"You're going to find this strange," Karen Holtzclaw said to me, "but I can't stand fish." This was in an email exchange between myself and Karen, where I was surprised to see such an assertion, because Karen's paintings are full of fish! Karen went on to say "[I] prefer scuba diving in a swimming pool rather than in a lake or ocean because of fish being too close... chance of me sucking water into my lungs if they get too near. Can't take me fishing either because I scream when a fish is caught!"
Fish are important in Karen's recent paintings, particularly goldfish, or koi. Such fish, sometimes in dramatically mutated forms, appear in almost every painting in Karen's new show, leaping about.
Recently, Karen got carried away describing to me her youthful experiences in and near nature:
"living life on a farm was very brief but visiting grandparents farm was a major part of my childhood memories...gravel roads, creek, apple orchard for great climbing, chickens running loose, cats and dogs, picking vegetables from the garden and canning, pumping well water, cows to be milked and then prepared for the milkman, a horse...always wanted a horse and was convinced there was one waiting for me after receiving a birthday card featuring a horse, was told there was no horse but I just knew there was...it was a sign...and there wasn't...pigs...had to watch out for those pigs, they'd eat a man, an out house and chamber pots, burning corn cobs for heat, potato cellar, building forts with hay bales in the barn, walking down the lane to get the mail, finding arrowheads and playing songs from the church hymnal on the piano. Ponds and lakes came in later when we started water skiing trips to Cicero Lake then started renting cottages on Wawasee Lake during the summer months. "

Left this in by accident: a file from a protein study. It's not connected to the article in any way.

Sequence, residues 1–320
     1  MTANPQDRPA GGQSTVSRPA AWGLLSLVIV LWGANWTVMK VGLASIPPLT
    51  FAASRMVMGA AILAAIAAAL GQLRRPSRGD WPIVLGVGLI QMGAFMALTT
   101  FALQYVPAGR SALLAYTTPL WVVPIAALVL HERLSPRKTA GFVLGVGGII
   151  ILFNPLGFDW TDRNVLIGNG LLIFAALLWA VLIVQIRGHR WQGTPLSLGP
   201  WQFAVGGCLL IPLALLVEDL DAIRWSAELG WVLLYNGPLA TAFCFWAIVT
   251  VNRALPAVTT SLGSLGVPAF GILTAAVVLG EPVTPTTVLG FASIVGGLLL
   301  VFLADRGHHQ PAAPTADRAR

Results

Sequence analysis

Karen's paintings convey this richness, this sense of nature's inexhaustible possibilities. They make the viewer want to plunge in, despite or even because of the mysteries Karen evokes.
This reminds me of another story Karen tells from youth...
"Mom and I ventured into the Everglades one year and rode one of those boats with a gigantic fan on the back 'air boat'?. Used to explore the channels at the lake too...getting lake grass caught in the propellers then having to jump into unfamiliar water to untangle the clog. Liked watching dragonflies and butterflies. A little cornflower blue butterfly landed on my finger one time and stayed quite a while...I could even move my hand around to look at it from different angles..."
Reading that story, in an email from Karen, I shivered a little thinking about the alligators that I imagined must have been in those waters she was jumping into as a child!
A leap of faith is also something that art calls forth from the artist. Karen says ...
"When painting I like to surrender to what emerges from within. Not asking why but accepting and incorporating what is at that moment"
... sometimes a painting calls this forth from the viewer too.